The Minnesota Connected and Automated Vehicle Challenge (CAV Challenge) is a new and flexible procurement process that fosters innovation as the Minnesota Department of Transportation (MnDOT) procures connected and automated vehicle (CAV) technology. MnDOT approached our Office of State Procurement (OSP) with a problem—how could they harness the rapidly-evolving technologies associated with CAV through the procurement process? OSP and MnDOT met, and MnDOT was concerned that the typical narrowly defined requirements in a request for proposal (RFP) would inhibit vendors from submitting real technological innovation with CAV. OSP was wary of making statutory changes specifically for MnDOT and wanted to preserve the values of fair and open competition in the procurement process. Could we work within the statute? Could we preserve fair and open competition while helping MnDOT lead in CAV technology? Through collaboration we determined that answer is yes and the CAV Challenge was born. The CAV Challenge is open for vendors to apply to at any time. Proposals are reviewed every other month. Rather than narrowly defined requirements, MnDOT lists broad goals in the RFP, and vendors are scored to the extent their project aligns with those goals.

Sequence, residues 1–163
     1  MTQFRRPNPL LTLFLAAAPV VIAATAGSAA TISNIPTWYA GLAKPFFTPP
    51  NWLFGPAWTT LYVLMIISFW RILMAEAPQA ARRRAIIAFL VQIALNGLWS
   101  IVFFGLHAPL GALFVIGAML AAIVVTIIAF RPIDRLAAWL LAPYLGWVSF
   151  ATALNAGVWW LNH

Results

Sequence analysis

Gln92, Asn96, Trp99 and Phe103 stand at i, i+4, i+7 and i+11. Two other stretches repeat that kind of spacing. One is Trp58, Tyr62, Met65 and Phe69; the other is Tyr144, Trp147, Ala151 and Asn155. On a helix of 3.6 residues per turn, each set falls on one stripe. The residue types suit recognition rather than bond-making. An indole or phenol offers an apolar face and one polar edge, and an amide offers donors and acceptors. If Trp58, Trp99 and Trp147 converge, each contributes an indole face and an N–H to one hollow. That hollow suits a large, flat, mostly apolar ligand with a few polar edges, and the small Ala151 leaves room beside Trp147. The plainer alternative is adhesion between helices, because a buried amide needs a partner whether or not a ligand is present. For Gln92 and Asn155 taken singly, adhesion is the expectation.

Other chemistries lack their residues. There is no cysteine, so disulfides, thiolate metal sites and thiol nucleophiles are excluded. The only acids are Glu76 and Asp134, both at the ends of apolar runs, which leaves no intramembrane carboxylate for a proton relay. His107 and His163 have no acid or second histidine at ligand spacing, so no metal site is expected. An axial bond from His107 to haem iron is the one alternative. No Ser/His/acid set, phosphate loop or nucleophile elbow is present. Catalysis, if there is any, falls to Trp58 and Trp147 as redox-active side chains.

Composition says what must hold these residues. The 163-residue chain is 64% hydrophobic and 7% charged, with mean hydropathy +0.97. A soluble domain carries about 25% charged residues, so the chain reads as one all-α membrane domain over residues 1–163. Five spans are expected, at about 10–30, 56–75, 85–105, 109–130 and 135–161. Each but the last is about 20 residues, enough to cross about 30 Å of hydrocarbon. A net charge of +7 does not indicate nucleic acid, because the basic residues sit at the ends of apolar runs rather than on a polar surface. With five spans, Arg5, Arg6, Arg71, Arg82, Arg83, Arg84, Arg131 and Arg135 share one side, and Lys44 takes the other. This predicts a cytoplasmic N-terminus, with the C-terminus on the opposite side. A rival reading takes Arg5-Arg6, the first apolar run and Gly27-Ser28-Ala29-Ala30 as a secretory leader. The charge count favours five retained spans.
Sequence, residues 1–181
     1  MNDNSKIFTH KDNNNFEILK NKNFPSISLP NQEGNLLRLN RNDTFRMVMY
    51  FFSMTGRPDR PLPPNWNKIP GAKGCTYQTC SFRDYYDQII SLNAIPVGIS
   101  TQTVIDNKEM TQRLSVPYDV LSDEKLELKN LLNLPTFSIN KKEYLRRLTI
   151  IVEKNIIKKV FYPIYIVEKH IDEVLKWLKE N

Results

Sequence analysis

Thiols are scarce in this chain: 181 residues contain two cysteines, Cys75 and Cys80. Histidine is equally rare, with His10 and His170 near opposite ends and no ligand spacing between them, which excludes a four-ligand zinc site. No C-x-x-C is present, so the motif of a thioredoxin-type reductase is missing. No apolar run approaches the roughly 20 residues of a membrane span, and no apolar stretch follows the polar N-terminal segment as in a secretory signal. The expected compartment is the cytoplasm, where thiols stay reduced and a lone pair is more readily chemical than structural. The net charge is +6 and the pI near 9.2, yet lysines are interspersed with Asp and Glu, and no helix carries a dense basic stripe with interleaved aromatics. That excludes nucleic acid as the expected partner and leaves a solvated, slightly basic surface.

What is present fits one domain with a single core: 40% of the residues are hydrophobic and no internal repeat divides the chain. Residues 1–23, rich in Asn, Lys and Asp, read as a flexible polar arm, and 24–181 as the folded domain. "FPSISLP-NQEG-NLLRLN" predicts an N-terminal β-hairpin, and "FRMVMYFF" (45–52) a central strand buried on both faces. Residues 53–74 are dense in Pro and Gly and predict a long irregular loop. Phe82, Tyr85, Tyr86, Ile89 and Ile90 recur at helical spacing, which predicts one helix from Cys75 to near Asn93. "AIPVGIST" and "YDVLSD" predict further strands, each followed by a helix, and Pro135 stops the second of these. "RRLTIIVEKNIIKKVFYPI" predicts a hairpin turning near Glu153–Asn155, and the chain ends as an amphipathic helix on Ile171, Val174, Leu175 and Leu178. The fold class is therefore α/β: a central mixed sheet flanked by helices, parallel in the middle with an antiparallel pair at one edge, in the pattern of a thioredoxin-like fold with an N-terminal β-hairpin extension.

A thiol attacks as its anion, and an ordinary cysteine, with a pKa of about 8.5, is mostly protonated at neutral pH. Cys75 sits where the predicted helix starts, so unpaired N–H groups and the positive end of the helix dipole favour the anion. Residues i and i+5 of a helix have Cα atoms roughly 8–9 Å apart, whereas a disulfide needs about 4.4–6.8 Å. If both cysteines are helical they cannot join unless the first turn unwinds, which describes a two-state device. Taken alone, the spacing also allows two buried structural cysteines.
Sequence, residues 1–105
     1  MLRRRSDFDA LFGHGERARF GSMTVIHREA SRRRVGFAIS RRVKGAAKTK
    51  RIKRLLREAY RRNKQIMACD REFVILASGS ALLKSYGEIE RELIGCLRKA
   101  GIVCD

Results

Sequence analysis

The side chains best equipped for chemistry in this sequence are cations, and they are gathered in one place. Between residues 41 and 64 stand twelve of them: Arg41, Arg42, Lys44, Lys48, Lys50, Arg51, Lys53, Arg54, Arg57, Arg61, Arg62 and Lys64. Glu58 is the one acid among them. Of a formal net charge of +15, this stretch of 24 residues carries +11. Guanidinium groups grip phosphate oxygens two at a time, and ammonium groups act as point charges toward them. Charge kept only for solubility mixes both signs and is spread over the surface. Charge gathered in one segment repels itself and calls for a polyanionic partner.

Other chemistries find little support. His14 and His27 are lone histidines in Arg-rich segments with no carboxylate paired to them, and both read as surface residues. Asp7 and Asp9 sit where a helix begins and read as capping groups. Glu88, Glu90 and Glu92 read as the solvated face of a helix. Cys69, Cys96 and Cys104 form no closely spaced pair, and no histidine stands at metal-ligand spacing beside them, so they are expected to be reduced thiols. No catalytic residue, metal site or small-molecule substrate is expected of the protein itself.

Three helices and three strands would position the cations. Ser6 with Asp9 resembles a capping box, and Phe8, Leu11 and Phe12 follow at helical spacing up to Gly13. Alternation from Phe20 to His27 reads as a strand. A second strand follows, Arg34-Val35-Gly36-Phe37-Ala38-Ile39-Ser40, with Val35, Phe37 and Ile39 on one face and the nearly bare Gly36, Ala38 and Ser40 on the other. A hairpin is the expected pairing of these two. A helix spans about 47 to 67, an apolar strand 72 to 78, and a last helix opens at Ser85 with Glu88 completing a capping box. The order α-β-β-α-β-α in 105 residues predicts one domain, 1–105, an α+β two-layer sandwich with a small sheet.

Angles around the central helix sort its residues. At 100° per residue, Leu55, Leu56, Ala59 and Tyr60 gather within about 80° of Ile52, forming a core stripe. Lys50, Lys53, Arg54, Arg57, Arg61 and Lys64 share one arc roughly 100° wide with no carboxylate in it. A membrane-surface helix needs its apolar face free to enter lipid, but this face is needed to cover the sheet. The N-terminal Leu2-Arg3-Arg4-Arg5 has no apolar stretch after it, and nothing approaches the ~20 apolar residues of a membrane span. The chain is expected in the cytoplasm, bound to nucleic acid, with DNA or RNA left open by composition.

The Operational Services Division (OSD) needed a tool that would simplify the reporting process and ensure the integrity of vendor-reported quarterly Massachusetts customer sales activity data and provide Business Intelligence (BI) analysis and defensible reporting of that data. This tool would provide an efficient, secure, and reliable means of collecting, managing, storing, and reporting on sales activity against statewide contracts, replacing a spreadsheet-based manual reporting collection process. The focus was on leveraging a highly configurable Software as a Service tool to replace the current Vendor Report Management spreadsheets.
New York State Procurement Services establishes more than 1,300 centralized statewide contracts for commodities, technology, and services valued at approximately $22 billion for use by state agencies, municipalities, and other public and some nonprofit entities. As centralized procurement, we are tasked to acquire commodities and services at competitive, volume-discounted/reduced prices while complying with statutory requirements and ensuring the strategic effectiveness for all procurements. Two primary goals of centralized procurement are to 1) increase the percentage of authorized users buying from centralized contracts, and 2) act as a single customer to the vendor community on behalf of all state purchasers.